Shaw Industries

Being at the top of one's game doesn't preclude striving for even greater performance. There's no disputing Shaw Industries' private fleet operation is a recognized trucking tour de force, consistently ranking among the top private fleets in the country. Yet despite being itself a highly vertical manufacturer of carpeting and ceramic, hardwood and laminate flooring, Shaw had long fielded several fleet

Being at the top of one's game doesn't preclude striving for even greater performance. There's no disputing Shaw Industries' private fleet operation is a recognized trucking tour de force, consistently ranking among the top private fleets in the country. Yet despite being itself a highly vertical manufacturer of carpeting and ceramic, hardwood and laminate flooring, Shaw had long fielded several fleet operations. These were drawn along historical manufacturing lines, dedicated specifically to inbound, interplant and outbound freight movements with little interaction.

But part and parcel with the manufacturer's commitment to continual improvement, this year Shaw made a solid break with tradition and moved to consolidate its trucking operations to benefit from the synergies a tighter fleet organization would unleash.

Randy Smith, named this July to the newly created position of director of transportation, is charged with managing all Shaw's transportation functions “under one umbrella.” This means combining extensive over-the-road (OTR) operations with a massive interplant (IP) enterprise that completes 9,000 freight moves a week.

“My charge is to find the synergies between what were separate operations,” says Smith. “Integrating the transportation functions is innovative,” he adds. He should know, being a Shaw's veteran familiar with the traditional setup. Over his 11 years with Shaw, Smith has managed three different regional fleet operations. He served the last six years as director of regional operations.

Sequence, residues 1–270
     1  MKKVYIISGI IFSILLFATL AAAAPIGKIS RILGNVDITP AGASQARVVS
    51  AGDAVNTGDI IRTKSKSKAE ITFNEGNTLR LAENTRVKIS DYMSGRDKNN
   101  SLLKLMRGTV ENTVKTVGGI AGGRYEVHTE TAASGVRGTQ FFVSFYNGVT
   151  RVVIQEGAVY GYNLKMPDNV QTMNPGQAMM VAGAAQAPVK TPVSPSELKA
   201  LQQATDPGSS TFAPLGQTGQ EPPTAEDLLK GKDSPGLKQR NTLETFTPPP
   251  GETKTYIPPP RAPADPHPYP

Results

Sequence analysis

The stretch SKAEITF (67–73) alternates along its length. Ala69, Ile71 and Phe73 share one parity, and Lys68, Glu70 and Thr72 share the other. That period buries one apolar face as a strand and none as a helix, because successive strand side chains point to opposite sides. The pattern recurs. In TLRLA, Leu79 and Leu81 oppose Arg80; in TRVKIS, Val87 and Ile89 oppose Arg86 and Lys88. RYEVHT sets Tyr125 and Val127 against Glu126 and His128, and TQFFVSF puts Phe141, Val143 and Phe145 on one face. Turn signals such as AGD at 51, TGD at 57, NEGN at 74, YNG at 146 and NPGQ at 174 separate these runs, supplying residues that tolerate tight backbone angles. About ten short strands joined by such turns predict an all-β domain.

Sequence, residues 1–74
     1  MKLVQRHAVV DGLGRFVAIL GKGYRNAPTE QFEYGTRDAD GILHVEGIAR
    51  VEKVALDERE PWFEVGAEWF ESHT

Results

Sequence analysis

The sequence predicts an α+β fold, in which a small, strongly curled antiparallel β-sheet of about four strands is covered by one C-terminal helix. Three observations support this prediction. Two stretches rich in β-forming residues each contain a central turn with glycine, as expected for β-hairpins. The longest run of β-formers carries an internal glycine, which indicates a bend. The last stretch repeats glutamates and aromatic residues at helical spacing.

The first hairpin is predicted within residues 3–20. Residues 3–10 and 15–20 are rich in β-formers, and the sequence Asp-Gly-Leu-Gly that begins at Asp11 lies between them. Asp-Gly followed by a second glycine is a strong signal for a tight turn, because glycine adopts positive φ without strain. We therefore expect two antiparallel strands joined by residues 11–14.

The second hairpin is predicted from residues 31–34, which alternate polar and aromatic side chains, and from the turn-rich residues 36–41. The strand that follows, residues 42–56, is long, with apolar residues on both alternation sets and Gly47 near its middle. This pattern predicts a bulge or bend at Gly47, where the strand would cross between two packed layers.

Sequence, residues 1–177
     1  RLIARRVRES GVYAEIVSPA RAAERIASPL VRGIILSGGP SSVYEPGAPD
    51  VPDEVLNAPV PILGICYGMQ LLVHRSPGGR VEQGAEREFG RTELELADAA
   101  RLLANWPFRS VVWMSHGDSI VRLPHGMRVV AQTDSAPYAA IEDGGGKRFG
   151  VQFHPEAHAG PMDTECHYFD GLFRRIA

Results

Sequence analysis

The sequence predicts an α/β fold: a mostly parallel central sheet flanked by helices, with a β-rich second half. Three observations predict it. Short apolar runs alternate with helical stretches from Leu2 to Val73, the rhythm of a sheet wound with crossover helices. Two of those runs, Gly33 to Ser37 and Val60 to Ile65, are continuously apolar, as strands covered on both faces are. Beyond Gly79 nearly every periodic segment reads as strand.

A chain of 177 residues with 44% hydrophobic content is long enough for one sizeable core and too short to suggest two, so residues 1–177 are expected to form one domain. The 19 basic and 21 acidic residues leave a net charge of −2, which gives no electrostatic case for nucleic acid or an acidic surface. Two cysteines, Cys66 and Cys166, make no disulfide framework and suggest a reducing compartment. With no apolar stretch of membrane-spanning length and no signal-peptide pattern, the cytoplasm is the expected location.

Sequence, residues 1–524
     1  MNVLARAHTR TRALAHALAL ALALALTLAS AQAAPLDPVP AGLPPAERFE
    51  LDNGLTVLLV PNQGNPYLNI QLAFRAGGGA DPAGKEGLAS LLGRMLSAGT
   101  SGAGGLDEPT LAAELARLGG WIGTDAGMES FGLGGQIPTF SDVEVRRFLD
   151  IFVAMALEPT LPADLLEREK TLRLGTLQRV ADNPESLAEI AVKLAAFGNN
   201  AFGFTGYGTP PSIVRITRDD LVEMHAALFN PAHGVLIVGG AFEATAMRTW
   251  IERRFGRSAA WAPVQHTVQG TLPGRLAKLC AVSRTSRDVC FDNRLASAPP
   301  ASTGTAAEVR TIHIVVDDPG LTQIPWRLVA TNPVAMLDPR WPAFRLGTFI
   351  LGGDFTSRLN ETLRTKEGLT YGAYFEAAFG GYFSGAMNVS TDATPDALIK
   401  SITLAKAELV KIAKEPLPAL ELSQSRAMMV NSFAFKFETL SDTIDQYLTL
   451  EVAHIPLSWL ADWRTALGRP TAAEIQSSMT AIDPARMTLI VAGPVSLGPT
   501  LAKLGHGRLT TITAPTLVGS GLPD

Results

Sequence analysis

Smith relates that Shaw's first move was to roll its, yes, third trucking arm — a fleet that ran between distribution centers — into the interplant trucking operation. “That,” he notes, “was done without a hitch.”

The IP fleet numbers 110 tractors, 1700 trailers, including tankers and specially reinforced “carpet-spec” units, and employs 253 drivers, who run seven days a week on various shifts.

The OTR fleet fields 290 tractors and 1150 trailers, and employs 250 drivers who operate nationwide. These trucks also provide backhauls of Shaw's own raw materials, as well as provide service to outside companies.

“The IP fleet moved freight between plants for the manufacturing operation and the OTR fleet handled distribution of the finished product,” points out Smith, “and no one ever did the other's work.”

By contrast, he says with the operations consolidated, common-sense efficiencies can come into play rapidly. “For example, Smith relates, “now when the OTR fleet is short of drivers, we can have IP drivers helping with those moves. Previously, the two were simply not part of the same team. We're working now to remove those barriers. The whole point is to do what works to keep the level of our transportation service as high as possible.”

There are also economies of scale that will benefit the combined operation as well. “Another change we've made is to make the fuel island equipped with diesel and biodiesel pumps formerly operated only for the IP fleet available also to OTR trucks, which had been fueled where they were maintained. We are looking at adding a second fueling site, too. This change is saving refueling time and money as biodiesel costs us less.” He notes these savings have amounted to several thousand dollars in just a few months

The fleet currently operates one maintenance shop. Although much of the power equipment is leased from or maintained by two lessors — “we use two to keep them both honest” — Smith says Shaw wants to expand its shop operations to gain efficiency.

Looking ahead, Smith sees “plenty of synergies to identify and act on” in the new year.

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